Transgression-Related Interpersonal Motivations Inventory (TRIM-18)

Author of Tool: 

McCullough, M. E

Key references: 

McCullough, M. E., Root, L. M., & Cohen, A. D. (2006). Writing about the benefits of an interpersonal transgression facilitates forgiveness. Journal of Consulting and Clinical Psychology, 74, 887–897.

Primary use / Purpose: 

Assesses motivations towards a transgressor

Background: 

Interpersonal transgressions are a class of interpersonal stressors in which people perceive that another person has harmed them in a way that they consider both painful and morally wrong. Interpersonal transgressions can have negative effects on mental health. Transgressions frequently elicit a desire to avoid the transgressor, a desire to seek revenge against the transgressor, and a decline in goodwill for the transgressor (McCullough et al., 1998; McCullough, Worthington, & Rachal, 1997). Such motivational reactions themselves can have negative interpersonal, psychological, and health effects. Therefore, helping people modify their responses to transgressions may be useful for helping them improve their relationships as well as their psychological and physical health. Forgiveness has been conceptualized as a process of reducing one’s negative (avoidance and revenge) motivations toward a transgressor and restoring one’s positive motivations regarding a transgressor (McCullough et al., 1997). To measure these motivational changes authors designed the TRIM–18 Inventory (McCullough et al., 1998). The seven-item Avoidance subscale measures motivation to avoid a transgressor (e.g., “I live as if he/she doesn’t exist, isn’t around”). The five-item Revenge subscale measures motivation to seek revenge (e.g., “I’ll make him/her pay”).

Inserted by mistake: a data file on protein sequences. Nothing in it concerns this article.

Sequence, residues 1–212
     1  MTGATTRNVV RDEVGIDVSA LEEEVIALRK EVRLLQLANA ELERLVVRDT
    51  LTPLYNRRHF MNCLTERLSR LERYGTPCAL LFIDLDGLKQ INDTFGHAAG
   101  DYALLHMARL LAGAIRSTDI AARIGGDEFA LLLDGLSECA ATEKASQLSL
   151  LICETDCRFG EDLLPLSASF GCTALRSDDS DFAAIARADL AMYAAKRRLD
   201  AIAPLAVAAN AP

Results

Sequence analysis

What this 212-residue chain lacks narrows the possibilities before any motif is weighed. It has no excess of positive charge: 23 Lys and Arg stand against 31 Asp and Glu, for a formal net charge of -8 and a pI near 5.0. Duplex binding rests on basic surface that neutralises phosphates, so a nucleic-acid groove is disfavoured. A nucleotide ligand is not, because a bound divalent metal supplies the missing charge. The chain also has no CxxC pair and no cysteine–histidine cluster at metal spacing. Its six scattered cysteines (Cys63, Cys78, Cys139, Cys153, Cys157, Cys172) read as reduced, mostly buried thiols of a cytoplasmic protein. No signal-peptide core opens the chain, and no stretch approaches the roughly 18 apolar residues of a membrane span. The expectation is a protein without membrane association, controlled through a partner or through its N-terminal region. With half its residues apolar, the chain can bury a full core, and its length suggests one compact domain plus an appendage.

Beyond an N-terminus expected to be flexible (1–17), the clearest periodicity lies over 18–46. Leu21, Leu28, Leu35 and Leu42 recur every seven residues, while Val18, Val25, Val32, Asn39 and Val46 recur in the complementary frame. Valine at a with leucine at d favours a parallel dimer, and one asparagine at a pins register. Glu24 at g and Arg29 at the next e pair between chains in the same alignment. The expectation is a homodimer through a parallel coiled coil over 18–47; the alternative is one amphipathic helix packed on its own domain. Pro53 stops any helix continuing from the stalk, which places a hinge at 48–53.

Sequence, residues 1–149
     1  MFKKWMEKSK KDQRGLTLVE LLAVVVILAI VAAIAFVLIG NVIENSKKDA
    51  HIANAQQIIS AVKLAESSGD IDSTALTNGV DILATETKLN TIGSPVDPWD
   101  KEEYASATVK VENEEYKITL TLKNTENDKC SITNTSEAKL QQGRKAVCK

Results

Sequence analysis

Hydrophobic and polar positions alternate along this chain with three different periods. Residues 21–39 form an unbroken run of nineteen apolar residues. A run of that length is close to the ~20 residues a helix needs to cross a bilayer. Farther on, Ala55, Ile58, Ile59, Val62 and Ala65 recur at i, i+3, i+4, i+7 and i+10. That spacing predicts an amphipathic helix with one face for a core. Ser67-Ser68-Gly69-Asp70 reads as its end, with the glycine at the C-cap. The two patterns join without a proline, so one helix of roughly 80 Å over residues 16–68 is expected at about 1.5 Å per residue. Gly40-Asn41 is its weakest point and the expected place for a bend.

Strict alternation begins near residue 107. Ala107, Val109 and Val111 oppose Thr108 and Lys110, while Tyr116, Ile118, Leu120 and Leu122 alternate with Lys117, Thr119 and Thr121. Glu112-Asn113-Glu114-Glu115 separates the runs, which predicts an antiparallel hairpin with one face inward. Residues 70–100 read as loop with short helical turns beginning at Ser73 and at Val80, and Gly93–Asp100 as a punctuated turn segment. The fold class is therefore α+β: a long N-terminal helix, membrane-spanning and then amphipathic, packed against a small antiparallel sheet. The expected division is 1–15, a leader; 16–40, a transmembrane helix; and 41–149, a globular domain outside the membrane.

Psychometrics: 

Both have high internal consistency ( .85), moderate test–retest stability (e.g., 8-week test–retest rs .50), and evidence of construct validity (McCullough et al.,
2001, 1998). Items are rated on a 5-point Likert-type scale (1 strongly disagree to 5 strongly agree). A recent addition is a six-item subscale for measuring benevolence motivation (e.g., “Even though his/her actions hurt me, I have goodwill for him/her”) that also has good reliability (McCullough et al., 2003; McCullough & Hoyt, 2002). These 6 items are rated on the same 5-point Likert-type scale as are the 12 avoidance and revenge items.

Files: 

Digital Object Identifier (DOI):